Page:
int j, i;
for (j = n0 - 1, i = 0; i < n0; j = i, ++i) {
// compute our orthogonal axis for each edge
edge = pVerts0[i] - pVerts0[j];
edgePerp = RightPerp(edge); // y, -x
edgePerpN = Normalize(edgePerp);
// get min/max projection on each axis
GetProjectionOnAxis(verts0, n0, edgePerpN, min0, max0);
GetProjectionOnAxis(verts1, n1, edgePerpN, min1, max1);
// if no overlap, no intersection
overlap = jlOverlapOnAxis(min0, max0, min1, max1);
// otherwise store minimum overlap value and the normal
if (overlap < 0.0f) {
return false; // have to intersect on every tested axis for SAT to return true
} else if (overlap < minOverlap) {
minOverlap = overlap;
minNormal = edgePerpN;
}
}
// now do the same thing, on pVerts1 axis
for (j = n0 - 1, i = 0; i < n0; j = i, ++i) {
// compute our orthogonal axis for each edge
edge = pVerts1[i] - pVerts1[j];
edgePerp = RightPerp(edge); // y, -x
edgePerpN = Normalize(edgePerp);
// get min/max projection on each axis
GetProjectionOnAxis(verts0, n0, edgePerpN, min0, max0);
GetProjectionOnAxis(verts1, n1, edgePerpN, min1, max1);
// if no overlap, no intersection
overlap = jlOverlapOnAxis(min0, max0, min1, max1);
// otherwise store minimum overlap value and the normal
if (overlap < 0.0f) {
return false; // have to intersect on every tested axis for SAT to return true
} else if (overlap < minOverlap) {
minOverlap = overlap;
minNormal = edgePerpN;
}
}
// if we get here they are intersecting
satOut.m_normal = minNormal;

satOut.m_depth = minOverlap;
satOut.m_intersect = true;
return true;
}



You would probably want to break the TestPolygonPolygonSAT into a helper function you call twice.  Also, I was lazy and just did this on the spot.  Pretty sure it is right though .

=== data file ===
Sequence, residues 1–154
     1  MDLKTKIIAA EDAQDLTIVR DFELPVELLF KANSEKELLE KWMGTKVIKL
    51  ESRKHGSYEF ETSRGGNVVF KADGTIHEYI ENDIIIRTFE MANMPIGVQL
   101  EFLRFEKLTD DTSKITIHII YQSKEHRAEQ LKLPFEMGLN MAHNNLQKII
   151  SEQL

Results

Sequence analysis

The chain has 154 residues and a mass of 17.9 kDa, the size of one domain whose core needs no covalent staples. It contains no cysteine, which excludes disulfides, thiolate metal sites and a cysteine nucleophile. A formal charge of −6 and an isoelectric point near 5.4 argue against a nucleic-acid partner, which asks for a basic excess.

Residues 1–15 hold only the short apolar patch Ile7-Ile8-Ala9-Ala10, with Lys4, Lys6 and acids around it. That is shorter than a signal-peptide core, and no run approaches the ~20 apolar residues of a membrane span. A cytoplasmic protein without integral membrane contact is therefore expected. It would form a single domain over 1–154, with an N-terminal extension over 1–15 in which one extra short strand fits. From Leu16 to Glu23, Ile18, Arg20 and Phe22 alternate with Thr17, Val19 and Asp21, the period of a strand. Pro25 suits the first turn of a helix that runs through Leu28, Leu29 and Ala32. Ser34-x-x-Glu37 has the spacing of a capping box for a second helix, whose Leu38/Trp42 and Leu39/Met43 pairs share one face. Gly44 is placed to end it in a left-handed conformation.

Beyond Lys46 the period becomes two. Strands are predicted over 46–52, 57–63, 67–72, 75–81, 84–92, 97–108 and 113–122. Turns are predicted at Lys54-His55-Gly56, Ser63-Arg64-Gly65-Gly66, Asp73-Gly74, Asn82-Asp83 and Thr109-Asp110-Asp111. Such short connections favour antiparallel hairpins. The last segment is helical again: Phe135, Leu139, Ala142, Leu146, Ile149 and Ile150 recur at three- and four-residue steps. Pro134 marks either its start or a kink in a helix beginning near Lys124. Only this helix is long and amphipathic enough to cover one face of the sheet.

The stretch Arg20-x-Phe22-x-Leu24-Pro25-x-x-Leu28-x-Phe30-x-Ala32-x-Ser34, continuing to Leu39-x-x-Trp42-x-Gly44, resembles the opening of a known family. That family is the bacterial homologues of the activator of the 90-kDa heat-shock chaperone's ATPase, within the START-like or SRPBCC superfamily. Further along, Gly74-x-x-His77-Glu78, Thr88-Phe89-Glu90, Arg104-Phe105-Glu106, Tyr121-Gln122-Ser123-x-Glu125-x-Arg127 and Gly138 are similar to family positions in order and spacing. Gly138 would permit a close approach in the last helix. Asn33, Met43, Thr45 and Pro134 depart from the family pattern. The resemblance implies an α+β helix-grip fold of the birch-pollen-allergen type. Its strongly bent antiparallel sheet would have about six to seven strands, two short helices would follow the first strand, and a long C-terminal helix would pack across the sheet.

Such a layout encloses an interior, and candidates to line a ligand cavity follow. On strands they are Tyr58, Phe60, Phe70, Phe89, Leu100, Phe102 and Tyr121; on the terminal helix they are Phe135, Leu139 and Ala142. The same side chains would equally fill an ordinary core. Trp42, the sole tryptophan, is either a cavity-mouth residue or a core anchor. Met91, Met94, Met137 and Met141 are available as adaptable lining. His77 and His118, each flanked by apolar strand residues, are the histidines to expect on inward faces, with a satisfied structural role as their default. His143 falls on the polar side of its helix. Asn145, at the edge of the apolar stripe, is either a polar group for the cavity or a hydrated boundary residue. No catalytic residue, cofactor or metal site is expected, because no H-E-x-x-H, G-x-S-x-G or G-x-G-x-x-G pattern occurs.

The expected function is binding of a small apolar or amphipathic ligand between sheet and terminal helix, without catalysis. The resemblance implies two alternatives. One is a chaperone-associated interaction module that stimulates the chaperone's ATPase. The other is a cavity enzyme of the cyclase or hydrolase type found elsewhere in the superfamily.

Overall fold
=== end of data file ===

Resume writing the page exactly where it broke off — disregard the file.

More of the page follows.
Edited by l0k0, 16 February 2013 - 10:24 PM.

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### #4gracicot  Members

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Posted 16 February 2013 - 11:27 PM

Ok, I tried the Nyssa advice and I got pretty random things... Sometimes it's ok and the collision is doing great, but sometimes my object just got at the opposite side of the other. It seems that my minimum overlap and angle are false... Il try the I0k0 solution and integrate it into my classes.

### #5l0k0  Members

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Posted 18 February 2013 - 03:08 PM

I would test the intersection code in isolation.  Debug draw the returned normal and depth and if they are intersecting.  If that seems accurate, it is probably an issue with the response code.  Also, post some more of the response code here.  What you have there isn't really telling us much.  Got to see the nitty gritty math to help determine what's wrong.

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A Floating Point
</shameless blog plug>